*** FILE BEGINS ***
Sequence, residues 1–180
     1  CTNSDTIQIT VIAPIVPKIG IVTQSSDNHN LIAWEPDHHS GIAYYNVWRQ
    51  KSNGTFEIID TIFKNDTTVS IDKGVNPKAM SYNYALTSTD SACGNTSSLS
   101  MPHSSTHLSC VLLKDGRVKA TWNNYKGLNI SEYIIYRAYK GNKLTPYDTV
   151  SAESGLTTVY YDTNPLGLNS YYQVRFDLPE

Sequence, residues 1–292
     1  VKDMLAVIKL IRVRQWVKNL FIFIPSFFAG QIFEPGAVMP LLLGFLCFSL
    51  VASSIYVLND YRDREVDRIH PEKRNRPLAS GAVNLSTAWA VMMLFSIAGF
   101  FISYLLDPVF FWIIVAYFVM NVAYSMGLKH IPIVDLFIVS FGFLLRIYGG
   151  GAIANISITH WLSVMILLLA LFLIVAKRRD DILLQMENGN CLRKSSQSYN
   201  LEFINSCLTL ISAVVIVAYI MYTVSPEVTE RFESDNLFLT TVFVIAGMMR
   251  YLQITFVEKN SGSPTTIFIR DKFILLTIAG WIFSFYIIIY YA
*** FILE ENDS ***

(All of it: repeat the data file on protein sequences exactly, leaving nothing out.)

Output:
Sequence, residues 1–180
     1  CTNSDTIQIT VIAPIVPKIG IVTQSSDNHN LIAWEPDHHS GIAYYNVWRQ
    51  KSNGTFEIID TIFKNDTTVS IDKGVNPKAM SYNYALTSTD SACGNTSSLS
   101  MPHSSTHLSC VLLKDGRVKA TWNNYKGLNI SEYIIYRAYK GNKLTPYDTV
   151  SAESGLTTVY YDTNPLGLNS YYQVRFDLPE

Sequence, residues 1–292
     1  VKDMLAVIKL IRVRQWVKNL FIFIPSFFAG QIFEPGAVMP LLLGFLCFSL
    51  VASSIYVLND YRDREVDRIH PEKRNRPLAS GAVNLSTAWA VMMLFSIAGF
   101  FISYLLDPVF FWIIVAYFVM NVAYSMGLKH IPIVDLFIVS FGFLLRIYGG
   151  GAIANISITH WLSVMILLLA LFLIVAKRRD DILLQMENGN CLRKSSQSYN
   201  LEFINSCLTL ISAVVIVAYI MYTVSPEVTE RFESDNLFLT TVFVIAGMMR
   251  YLQITFVEKN SGSPTTIFIR DKFILLTIAG WIFSFYIIIY YA